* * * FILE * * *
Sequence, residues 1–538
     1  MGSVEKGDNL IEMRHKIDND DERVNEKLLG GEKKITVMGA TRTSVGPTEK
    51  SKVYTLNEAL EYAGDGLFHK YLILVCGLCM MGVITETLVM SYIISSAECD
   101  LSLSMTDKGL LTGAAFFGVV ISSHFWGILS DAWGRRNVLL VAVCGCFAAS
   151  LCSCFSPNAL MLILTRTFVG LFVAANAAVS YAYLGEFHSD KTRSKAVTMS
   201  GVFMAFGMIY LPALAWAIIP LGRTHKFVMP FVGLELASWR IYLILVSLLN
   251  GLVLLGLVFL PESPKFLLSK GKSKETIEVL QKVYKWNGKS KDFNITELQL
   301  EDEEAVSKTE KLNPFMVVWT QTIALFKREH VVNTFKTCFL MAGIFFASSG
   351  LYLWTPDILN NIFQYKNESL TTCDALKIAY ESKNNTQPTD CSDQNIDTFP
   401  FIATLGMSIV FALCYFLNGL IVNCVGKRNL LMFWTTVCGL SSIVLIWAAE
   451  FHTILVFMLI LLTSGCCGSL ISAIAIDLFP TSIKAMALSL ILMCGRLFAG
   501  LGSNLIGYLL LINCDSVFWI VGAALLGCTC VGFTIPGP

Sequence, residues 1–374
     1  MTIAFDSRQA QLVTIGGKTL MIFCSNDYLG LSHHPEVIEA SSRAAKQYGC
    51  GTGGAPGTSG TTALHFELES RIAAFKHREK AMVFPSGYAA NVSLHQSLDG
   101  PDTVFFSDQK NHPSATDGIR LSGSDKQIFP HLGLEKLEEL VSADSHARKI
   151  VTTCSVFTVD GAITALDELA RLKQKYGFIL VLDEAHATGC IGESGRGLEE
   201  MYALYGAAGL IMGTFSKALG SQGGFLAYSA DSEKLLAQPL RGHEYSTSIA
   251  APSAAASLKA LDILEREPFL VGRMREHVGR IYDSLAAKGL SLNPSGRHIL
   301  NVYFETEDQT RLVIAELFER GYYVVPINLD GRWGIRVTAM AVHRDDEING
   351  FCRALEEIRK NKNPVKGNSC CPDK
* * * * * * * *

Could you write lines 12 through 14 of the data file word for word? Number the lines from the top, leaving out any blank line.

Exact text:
   501  LGSNLIGYLL LINCDSVFWI VGAALLGCTC VGFTIPGP

Sequence, residues 1–374
     1  MTIAFDSRQA QLVTIGGKTL MIFCSNDYLG LSHHPEVIEA SSRAAKQYGC